The Cambridge City Council voted overwhelmingly on Monday night to do away with parking requirements in the zoning code that councilors said wasted space and limited the development of affordable housing.

The 8-1 vote immediately drops a previous requirement for most residential uses that mandated one off-street parking space per unit in the city. Supporters of the move say it can increase affordable housing by opening up previously restricted small lots, and spur more development through lowered costs.

The lead sponsor of the measure, Councilor Burhan Azeem, says Cambridge is the first city in the commonwealth to drop such parking requirements, and he pointed out that landlords and developers would still be allowed to provide parking.

“I think it's very exciting,” Azeem told GBH News. “This will save billions of dollars in construction costs over the next decades. And I think it'll have a pretty great impact in terms of housing affordability in our city.”

Azeem said dropping the requirement for off-street parking makes sense in a city where one-third of residents don’t own cars. He said that, in some neighborhoods, there’s even less demand for parking, such as Central Square, where two-thirds of people are without cars.

Aligning parking construction more carefully with parking demand could be a boon to local developers, he said.

“In some of our new buildings in Kendall Square, you have eight stories of underground parking for almost $100 million,” he said “And then once the building is built, you do the analysis and almost half of that parking isn't going to use — so that's almost, you know, $40 [million], $50 million that went to waste.”

Tamara Small, the CEO of the Massachusetts branch of NAIOP, the Commercial Real Estate Development Association, said her group’s members welcomed the zoning change in Cambridge.

“This is a decision we think is in the right direction,” Small said. “It does reduce costs, and it does put us in line with other cities throughout the country that have adopted these same policies, including Minneapolis, San Francisco and Nashville.”

Small added that more flexibility for developers comes at a good time, with construction costs skyrocketing and interest rates increasing in recent months.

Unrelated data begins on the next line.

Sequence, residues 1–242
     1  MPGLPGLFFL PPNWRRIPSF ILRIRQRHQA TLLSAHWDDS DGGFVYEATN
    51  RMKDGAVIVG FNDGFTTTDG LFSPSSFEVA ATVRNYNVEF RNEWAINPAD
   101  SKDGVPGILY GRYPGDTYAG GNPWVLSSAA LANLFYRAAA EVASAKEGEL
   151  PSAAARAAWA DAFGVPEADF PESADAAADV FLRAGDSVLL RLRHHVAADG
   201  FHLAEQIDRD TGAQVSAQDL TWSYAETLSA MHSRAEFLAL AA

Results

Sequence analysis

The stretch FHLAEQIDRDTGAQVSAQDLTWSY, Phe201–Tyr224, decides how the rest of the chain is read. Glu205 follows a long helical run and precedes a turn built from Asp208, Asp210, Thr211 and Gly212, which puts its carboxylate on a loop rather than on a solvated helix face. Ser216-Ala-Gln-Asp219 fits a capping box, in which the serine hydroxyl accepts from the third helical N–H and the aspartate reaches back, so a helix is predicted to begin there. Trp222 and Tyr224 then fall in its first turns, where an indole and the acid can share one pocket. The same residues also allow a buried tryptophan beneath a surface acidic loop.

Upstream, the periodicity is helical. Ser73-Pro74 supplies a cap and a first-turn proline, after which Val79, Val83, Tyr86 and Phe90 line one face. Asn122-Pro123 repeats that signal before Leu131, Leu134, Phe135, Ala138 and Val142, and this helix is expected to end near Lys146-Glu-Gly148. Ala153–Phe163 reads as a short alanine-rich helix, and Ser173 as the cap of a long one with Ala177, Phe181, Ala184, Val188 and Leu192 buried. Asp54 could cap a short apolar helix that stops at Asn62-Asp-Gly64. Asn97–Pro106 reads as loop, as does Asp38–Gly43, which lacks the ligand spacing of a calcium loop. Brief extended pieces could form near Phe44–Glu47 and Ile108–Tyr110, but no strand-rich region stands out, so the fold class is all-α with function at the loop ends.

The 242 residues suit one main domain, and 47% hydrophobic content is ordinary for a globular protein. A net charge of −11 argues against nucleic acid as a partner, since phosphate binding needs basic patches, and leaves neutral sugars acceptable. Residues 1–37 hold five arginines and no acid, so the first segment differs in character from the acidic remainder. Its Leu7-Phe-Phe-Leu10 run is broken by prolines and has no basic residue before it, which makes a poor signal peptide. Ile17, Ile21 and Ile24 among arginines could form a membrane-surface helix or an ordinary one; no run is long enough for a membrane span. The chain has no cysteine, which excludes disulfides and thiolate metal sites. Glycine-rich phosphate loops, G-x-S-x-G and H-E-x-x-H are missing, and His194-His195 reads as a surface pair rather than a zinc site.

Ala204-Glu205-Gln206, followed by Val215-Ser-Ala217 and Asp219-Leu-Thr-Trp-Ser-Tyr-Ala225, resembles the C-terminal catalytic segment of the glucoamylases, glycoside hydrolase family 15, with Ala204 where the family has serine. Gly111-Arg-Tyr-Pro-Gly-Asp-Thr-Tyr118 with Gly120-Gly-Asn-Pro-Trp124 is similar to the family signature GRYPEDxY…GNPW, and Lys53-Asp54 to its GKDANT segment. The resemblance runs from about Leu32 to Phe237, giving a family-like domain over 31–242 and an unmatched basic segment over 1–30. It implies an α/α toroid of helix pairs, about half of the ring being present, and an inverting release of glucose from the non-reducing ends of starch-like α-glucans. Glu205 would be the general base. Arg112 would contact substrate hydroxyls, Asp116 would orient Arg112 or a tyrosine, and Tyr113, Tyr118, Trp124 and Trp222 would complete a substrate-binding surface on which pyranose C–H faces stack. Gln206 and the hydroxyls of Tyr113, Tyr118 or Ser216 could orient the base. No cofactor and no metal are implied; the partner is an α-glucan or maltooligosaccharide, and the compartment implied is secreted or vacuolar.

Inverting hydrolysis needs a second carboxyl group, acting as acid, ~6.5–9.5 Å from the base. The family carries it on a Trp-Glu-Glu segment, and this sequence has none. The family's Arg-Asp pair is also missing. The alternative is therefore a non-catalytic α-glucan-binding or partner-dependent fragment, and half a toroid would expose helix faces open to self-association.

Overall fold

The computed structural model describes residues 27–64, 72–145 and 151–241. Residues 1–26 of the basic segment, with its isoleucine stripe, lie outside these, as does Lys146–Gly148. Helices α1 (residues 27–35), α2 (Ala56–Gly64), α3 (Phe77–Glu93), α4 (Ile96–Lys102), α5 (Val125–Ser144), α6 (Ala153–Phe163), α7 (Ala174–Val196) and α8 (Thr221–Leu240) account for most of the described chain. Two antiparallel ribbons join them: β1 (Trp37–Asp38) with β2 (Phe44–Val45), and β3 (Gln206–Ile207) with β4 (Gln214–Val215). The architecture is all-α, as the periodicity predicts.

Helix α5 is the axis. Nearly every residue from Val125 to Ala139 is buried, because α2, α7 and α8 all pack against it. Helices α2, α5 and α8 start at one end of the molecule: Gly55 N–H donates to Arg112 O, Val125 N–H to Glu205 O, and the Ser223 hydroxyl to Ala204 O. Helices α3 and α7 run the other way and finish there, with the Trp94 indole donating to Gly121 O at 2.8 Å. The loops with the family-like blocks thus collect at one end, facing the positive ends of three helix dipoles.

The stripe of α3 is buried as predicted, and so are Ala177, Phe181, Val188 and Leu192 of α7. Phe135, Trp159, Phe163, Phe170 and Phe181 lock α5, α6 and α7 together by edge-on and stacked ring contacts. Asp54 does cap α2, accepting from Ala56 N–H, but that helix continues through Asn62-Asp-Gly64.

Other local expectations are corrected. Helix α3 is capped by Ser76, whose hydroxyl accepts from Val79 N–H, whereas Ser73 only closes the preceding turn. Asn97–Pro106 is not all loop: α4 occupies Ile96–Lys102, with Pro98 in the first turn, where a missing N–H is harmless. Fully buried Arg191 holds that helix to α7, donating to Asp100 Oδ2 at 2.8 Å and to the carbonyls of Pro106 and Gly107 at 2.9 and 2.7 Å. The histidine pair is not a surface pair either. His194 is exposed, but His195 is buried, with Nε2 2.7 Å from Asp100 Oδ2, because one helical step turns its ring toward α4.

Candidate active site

“So the cost to build is going up and up and up,” said Small. “So anything that reduces the cost to build while allowing for that flexibility will ensure that projects can move forward — something I think is absolutely critical for economic development in this region right now.”

Azeem said one way getting rid of minimum parking requirements could increase affordability in the city is by opening up previously restricted lots.

“There’s a lot of small pieces of land in Cambridge where you can't have a house and a parking lot. You can’t fit both, and so you get neither,” Azeem said. “And so now you can at least build a house in those places.”

More renovations to smaller properties would now be possible as well. In the past, he said, some existing homes would have had to be brought up to code before being renovated, but were blocked by lack of space for off-street parking.

Doug Quattrochi, the executive director of MassLandords, a statewide trade group, said he still sees a demand for parking in rentals that already have it, so the change will take while to fully have an effect.

Still, Quattrochi said, changing the parking requirement makes sense given the city’s good access to public transportation and many protected bike lanes. Long-term changes to the city’s landscape could better serve all its residents, he added.

“The cars always find a space, but we've got lots of people who really need housing and we don't have that,” he said. “So I think this is really going to help.”